Imagine you walk into a magic store where they sell special flashlights equipped with magic lights of different kinds. For example, you can buy the light of science, and when you point that flashlight at your hand, you see not a hand, but cells and blood vessels and tendons and ligaments. Or you can buy the light of art, and you point that flashlight at your hand, you see your hand as if it were a painting by Leonardo Da Vinci – you see form, and color, and texture. And you’re having a lot of fun trying out the different flashlights with the different lights. And then you see one labelled “the light of Chanukah.” What will you see in that light? What is special about the light of Chanukah?
When you point the light of Chanukah you see that everything is a miracle. Even nature is actually a miracle.
Albert Einstein once said: “There are two ways of looking at the world – either you see nothing as a miracle or you see everything as a miracle.”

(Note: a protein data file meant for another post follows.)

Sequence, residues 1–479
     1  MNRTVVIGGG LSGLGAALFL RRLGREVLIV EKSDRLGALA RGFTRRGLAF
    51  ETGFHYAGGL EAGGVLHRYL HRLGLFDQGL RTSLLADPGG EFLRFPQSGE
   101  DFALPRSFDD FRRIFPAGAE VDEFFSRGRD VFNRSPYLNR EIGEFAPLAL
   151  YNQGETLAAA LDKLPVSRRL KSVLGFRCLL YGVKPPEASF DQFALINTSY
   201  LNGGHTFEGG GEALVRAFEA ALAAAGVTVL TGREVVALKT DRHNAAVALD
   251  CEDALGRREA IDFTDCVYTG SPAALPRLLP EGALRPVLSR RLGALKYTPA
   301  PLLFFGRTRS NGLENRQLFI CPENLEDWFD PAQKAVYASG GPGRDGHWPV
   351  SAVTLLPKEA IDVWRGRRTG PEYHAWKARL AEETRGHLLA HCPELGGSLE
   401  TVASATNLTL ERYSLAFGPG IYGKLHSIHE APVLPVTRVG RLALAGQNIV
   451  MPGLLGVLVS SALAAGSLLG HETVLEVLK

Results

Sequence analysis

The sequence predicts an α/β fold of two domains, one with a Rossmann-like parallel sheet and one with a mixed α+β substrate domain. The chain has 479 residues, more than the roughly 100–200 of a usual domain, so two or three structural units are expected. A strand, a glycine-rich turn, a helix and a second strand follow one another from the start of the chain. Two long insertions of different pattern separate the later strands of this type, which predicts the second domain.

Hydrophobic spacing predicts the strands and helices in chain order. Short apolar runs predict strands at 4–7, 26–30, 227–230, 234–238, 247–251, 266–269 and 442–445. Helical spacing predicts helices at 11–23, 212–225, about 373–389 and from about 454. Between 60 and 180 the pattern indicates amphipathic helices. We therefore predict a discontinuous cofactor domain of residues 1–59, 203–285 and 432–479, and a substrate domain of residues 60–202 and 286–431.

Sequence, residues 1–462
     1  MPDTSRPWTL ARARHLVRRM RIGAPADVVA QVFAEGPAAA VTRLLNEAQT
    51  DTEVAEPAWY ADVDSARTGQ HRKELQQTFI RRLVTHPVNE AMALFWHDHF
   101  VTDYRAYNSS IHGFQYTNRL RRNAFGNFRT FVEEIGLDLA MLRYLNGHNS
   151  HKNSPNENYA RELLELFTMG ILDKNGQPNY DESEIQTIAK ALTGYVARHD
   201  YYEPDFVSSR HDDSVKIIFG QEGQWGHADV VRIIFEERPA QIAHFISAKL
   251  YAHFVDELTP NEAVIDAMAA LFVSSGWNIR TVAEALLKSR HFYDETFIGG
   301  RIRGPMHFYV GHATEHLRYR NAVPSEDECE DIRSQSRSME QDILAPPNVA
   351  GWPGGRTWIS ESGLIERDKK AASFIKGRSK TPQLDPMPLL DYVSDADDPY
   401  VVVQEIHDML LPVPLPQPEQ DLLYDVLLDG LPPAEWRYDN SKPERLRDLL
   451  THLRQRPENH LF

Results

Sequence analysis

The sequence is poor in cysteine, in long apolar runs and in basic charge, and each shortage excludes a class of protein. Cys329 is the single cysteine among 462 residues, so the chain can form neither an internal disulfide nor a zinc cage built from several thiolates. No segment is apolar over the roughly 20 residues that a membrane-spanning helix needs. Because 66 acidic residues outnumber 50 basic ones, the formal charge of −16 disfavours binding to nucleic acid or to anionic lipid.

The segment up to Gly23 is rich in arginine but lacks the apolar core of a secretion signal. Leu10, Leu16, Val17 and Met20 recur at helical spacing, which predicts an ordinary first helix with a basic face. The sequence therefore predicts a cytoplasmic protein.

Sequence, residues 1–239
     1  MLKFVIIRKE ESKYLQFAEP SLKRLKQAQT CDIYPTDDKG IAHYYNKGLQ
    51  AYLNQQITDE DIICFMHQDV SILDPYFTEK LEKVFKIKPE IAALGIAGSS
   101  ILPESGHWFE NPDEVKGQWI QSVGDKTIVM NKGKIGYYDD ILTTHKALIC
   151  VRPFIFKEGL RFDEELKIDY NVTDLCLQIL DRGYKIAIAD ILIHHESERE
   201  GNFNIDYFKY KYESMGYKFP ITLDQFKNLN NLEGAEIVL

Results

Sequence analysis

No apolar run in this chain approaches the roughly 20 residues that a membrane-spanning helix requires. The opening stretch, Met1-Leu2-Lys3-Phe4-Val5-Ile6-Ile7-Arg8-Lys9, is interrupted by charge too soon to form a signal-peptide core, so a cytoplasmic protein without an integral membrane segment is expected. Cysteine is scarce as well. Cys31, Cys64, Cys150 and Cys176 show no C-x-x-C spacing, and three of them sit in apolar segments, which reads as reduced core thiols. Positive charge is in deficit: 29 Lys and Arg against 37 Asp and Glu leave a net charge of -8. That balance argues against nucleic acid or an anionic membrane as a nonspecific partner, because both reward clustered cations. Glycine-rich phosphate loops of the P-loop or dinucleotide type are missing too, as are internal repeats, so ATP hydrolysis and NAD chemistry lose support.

The Jews see everything as a miracle. The Greeks saw nothing as a miracle. To the Greeks, a miracle was an absurdity. To them only what is reasonable, logical, and rational can be real. Miracles are illogical and therefore not possible.
The Greeks could never access the light of Chanukah, the light of miracles, because they only believed in the light of reason. To them the world always existed, it never was created. History was an inevitable process – the present linked to the past and the necessary outcome of the past. Nothing unusual can happen, history will march on, a consequence on top of the last consequence. Similarly, their view of God, or rather of gods, was of super-beings detached from the world, contemplating themselves. Their gods didn’t care about man. For the Greeks nothing is new under the sun — what “was” always “will be”. Therefore miracles are impossible.
This is why Torah life irritated the Greeks so much that they decided to wipe it out. Torah teaches that God created the world, loves and cares about us, and invites us to be His partner in making history and perfecting the world. The Greeks assumed that the world was perfect already. Everything was as it should be. The world was eternal, history was inevitable, God was impersonal. No expectations of miracles, no hope. Life is a Greek tragedy.
But Torah believes in a God of miracles. And if God so wills it, something radical and new can happen at any moment. In the light of Chanukah we see that everything is a miracle and only love is real. Anything is possible — so never lose hope.